"Comfort From, Comfort In"
In times of pain, whether physical or emotional, we cannot always immediately feel better. We can, however, think better and thus believe better.
"O my God, my soul is cast down within me: therefore will I remember Thee" (Psalm 42:6).
"This is my comfort in my affliction: for Thy Word hath quickened me" (Psalm 119:50).
Discomfort offers opportunity to remember the Lord in pointed aspects of His Truth we might never consider apart from our hurts. We discover realities of grace that exist only along difficult and rocky paths. Pain beckons us to God and His Word, whereupon we frequently discover with the Psalmist "comfort in my affliction" rather than comfort from my affliction. The latter deliverance "from" is more pleasant. The former deliverance "in", however, is more illuminating regarding the power of God revealed in our lives. Indeed, it is one thing for God to simply send an angel to open the doors of the Apostle Peter's prison, allowing immediate escape from difficult challenge (Acts 12:7-9). It is quite another for the Apostle Paul to linger in Roman prisons for the purpose of writing epistles that would become bright lights of New Testament revelation (Colossians 4:18).
Ongoing pain, in whatever form, tempts our minds to think in terms of darkness, despair, and unbelief. We must therefore do something about such challenge. Again, we may not be able to feel better. Thus, we take the higher path that leads to more beautiful vistas of the glory of God. We think better, that is, we remember, ponder, and affirm the truths of Scripture as they relate to God and to our lives. Thereby we discover that "the Light shineth in darkness", and even more, we become a bright and illuminating lamp of that Light (John 1:5). We give thanks for those times of comfort from our pains. We do well, however, to give the same thanks - and perhaps even more - for those times when comfort in our afflictions calls us to the Biblical illumination that empowers better thinking, better believing, and a better realization of our Lord's ability to fill and fulfill us in every contingency.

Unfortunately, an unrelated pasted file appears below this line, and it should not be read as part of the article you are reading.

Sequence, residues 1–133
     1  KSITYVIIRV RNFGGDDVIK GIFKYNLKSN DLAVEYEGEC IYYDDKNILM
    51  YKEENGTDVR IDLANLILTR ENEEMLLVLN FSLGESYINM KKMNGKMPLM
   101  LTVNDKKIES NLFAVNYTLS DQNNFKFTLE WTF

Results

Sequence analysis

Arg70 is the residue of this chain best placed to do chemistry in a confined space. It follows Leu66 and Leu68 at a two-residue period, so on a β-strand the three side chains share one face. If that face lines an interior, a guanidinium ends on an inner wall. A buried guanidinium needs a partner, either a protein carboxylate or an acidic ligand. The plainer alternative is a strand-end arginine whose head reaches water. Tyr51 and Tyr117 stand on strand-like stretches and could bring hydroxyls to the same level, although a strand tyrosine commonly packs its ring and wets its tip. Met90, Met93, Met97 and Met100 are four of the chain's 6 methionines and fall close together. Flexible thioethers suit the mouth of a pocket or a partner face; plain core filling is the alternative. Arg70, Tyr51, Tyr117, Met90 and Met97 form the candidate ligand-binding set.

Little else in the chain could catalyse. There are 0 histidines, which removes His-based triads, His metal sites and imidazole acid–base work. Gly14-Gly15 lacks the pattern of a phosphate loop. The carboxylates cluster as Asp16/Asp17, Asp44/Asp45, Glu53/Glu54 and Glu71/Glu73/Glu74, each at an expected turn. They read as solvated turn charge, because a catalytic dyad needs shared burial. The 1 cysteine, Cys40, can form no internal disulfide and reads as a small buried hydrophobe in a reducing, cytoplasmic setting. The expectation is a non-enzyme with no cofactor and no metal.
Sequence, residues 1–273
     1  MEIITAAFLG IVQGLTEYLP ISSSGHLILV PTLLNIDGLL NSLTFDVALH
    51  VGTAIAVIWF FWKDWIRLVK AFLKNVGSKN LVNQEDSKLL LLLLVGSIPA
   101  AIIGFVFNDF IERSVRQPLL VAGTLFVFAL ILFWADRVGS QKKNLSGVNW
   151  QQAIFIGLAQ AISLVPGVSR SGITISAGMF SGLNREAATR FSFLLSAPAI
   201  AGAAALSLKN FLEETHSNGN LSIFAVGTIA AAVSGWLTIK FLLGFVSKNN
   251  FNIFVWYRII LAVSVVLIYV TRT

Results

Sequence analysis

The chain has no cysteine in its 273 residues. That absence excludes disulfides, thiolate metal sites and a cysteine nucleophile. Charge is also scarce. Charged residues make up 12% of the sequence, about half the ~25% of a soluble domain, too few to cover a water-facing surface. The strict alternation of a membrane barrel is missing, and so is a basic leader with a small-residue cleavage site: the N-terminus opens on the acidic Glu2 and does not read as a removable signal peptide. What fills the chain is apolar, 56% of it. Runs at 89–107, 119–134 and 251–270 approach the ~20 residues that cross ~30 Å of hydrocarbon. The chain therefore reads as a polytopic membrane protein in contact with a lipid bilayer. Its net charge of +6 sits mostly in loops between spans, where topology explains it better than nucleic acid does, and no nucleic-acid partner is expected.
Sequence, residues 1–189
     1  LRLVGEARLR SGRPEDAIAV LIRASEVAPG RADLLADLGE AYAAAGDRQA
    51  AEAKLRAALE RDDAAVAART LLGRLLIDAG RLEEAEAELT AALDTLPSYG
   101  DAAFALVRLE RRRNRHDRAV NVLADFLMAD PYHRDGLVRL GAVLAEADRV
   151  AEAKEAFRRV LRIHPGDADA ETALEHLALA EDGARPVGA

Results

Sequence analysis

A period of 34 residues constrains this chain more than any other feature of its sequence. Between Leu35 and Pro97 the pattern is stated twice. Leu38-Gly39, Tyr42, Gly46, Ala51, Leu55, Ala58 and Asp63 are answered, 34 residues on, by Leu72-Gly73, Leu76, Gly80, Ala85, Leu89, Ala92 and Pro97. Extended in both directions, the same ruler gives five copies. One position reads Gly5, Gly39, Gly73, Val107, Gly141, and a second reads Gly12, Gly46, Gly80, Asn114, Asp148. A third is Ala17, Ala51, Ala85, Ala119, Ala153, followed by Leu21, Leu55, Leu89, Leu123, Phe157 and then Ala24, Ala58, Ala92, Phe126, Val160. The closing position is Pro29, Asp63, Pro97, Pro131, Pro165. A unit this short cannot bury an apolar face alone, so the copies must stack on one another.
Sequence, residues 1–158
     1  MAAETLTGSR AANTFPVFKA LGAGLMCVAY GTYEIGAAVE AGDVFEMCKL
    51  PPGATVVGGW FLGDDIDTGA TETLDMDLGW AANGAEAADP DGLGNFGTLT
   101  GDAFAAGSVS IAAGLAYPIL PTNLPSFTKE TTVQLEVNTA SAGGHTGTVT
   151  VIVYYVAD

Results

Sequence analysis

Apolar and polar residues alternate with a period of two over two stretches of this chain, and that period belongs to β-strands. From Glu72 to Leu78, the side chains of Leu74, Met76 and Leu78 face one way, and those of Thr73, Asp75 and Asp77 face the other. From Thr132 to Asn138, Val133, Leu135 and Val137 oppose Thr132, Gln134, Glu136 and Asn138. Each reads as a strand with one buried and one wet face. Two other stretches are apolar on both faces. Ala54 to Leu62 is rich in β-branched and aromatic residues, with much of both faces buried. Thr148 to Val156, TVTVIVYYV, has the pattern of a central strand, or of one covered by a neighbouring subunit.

"Blessed be God, even the Father of our Lord Jesus Christ, the Father of mercies, and the God of all comfort; who comforteth us in all our tribulation, that we may be able to comfort them which are in any trouble, by the comfort wherewith we ourselves are comforted of God."
(II Corinthians 1:3-4)
Weekly Memory Verse
He that believeth on Me, as the Scripture hath said, out of his belly shall flow rivers of living water."